How to Caption Videos for Social Media

02 Captioning Videos for Social Media on Basic Editing Software (like iMovie)_emily kay stoker_blog header.jpg

Subtitles and captions... they can seem like more technical details when it comes to video campaigns & content marketing strategy, but they can be really important in making your video engaging.

You may have heard people before saying that you need to make sure you include subtitles in your videos, but here’s some more info on the reasons behind doing this, and how to save yourself some time when you do it.

Subtitling with simple editing software such as iMovie can be tricky, since usually only more advanced editors like Premiere Pro or DaVinci include functionalities that allow you to generate captions within the software itself. But I've got a trick for you that'll speed up your time creating subtitles or captions if your editing suite doesn't have the capability to generate captions.

why banner.jpg

Subtitles are a great idea if you’re creating video for social media platforms where people are likely to be scrolling, as they may not have (or want to have) their audio turned on. In this case, subtitles are a great way to make sure that your audience can follow your story when there is dialogue involved. Let's not forget helping out our hearing-impaired friends, too!

Another instance where subtitles can be a great decision, is when you have a video that you need to distribute in more than one language. Of course it’s almost always easier to engage an audience by including dialogue in their own language, but for whatever reason, sometimes this isn’t an option, and this is where subtitling comes in.

how banner.jpg

Creating subtitles for your video can be time-consuming. Here is my favourite trick for quickly creating subtitles for numerous social media platforms that should save you some time transcribing!


1. Upload your video to YouTube as a private video. Even if your final video will have a different format or export settings, export a temporary version that you can upload to YouTube for this step.


2. Find your auto-generated captions for the video by going to your YouTube Studio > Videos > Select (your video name) > Transcriptions. You'll see your auto-generated captions there.


3. Now click on where it says "published" next to the auto-generated captions to enter into the editing screen.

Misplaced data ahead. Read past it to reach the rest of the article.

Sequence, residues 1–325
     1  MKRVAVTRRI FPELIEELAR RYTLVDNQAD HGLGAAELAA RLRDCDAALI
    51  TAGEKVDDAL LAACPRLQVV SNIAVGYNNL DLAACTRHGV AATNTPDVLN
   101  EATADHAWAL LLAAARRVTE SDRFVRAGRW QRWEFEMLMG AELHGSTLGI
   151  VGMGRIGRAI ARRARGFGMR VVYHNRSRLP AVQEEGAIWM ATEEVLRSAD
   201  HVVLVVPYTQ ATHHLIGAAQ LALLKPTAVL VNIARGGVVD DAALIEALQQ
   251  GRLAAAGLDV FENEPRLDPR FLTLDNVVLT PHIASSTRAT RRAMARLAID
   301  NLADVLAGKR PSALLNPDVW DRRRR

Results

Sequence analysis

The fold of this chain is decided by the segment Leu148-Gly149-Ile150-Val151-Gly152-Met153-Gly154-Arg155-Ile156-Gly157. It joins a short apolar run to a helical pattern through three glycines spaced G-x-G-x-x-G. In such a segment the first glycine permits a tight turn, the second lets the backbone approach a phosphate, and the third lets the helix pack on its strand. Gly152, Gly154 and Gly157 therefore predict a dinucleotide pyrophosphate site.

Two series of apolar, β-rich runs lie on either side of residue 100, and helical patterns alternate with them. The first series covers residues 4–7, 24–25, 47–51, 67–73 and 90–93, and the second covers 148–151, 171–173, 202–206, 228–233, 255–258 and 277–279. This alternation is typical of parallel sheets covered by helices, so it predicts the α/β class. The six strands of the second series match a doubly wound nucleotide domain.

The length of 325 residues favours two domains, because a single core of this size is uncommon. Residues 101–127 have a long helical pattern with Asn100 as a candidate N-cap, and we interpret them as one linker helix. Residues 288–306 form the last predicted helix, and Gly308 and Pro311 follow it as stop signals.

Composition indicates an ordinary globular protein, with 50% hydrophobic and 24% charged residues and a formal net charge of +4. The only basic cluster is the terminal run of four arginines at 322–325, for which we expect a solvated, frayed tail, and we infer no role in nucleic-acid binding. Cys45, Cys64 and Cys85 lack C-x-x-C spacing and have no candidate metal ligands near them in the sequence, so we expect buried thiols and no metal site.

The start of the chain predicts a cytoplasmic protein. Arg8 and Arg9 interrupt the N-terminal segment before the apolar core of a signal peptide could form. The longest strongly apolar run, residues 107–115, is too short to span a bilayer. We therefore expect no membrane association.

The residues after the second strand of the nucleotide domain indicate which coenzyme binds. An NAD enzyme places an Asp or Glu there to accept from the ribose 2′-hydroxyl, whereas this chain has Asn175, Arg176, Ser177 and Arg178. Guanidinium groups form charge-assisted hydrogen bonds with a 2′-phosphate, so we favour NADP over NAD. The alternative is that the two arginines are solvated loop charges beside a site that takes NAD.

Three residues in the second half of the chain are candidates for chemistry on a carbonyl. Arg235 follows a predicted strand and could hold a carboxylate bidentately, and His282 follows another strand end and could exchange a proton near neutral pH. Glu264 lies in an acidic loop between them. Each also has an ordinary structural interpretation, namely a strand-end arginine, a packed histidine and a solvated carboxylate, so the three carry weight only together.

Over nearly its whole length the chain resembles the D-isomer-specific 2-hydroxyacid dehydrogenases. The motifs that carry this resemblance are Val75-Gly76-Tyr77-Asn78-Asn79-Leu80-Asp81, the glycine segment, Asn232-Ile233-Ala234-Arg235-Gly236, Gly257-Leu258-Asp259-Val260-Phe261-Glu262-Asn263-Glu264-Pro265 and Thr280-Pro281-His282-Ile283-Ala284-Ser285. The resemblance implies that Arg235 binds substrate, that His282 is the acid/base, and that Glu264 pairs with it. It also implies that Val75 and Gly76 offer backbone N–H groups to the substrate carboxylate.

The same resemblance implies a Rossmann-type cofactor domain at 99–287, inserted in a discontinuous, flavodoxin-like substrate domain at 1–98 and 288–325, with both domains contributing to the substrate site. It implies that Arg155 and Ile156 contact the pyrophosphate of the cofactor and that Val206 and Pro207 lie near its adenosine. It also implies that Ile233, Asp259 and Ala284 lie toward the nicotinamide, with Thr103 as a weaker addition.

4. Select "edit" at the top right of the screen, and correct any mistakes on the auto-generated captions by typing your corrections in the left-hand window. Make sure they appear at the correct timecode by watching the video back on this screen, too.


5. If you’re only uploading to YouTube and you don’t need to translate into other languages, then your job is done here! Remember to save your changes by clicking "Publish Edits".

If you’re using the subtitles for another platform…
6. When you have saved your caption edits on YouTube, stay on the same screen and click on the "actions" button, then select ".srt" to download an srt file of your auto-generated captions. (This is one of the industry standard formats to work with captions and subtitles)


7. If you need to upload the subtitles in more than one language, save a second copy of the original .srt file and translate each phrase on the document in a program like “Text Edit” or “Word Pad” (right click on the file, select "Open with" and select your preferred program). Remember to respect the format of the file (where page breaks occur etc.). These files can be uploaded to your video on YouTube, Facebook and more!




Option A) If you’re using the subtitles for a native Facebook video…


- Once your video is uploaded on Facebook, click on "videos" along the left menu on your Facebook page to manage your videos. Select the video you want to upload your subtitles to by clicking on it.


- Click on the three dots at the bottom right of your video, and select "edit video".


- A pop-up edit window should appear. Click on "Subtitles & Captions" on the right menu of this window.


- Select which language your video is in at the top.


- Delete the automatic captions (third field on the pop-up window).


- Go to your .srt file and if your video is in English, add ".en_US" before the .srt (e.g. "captions.srt" should become "caption.US_en.srt"). If your video is in another language, continue with the following steps below and Facebook will inform you of the correct suffix to add to your video.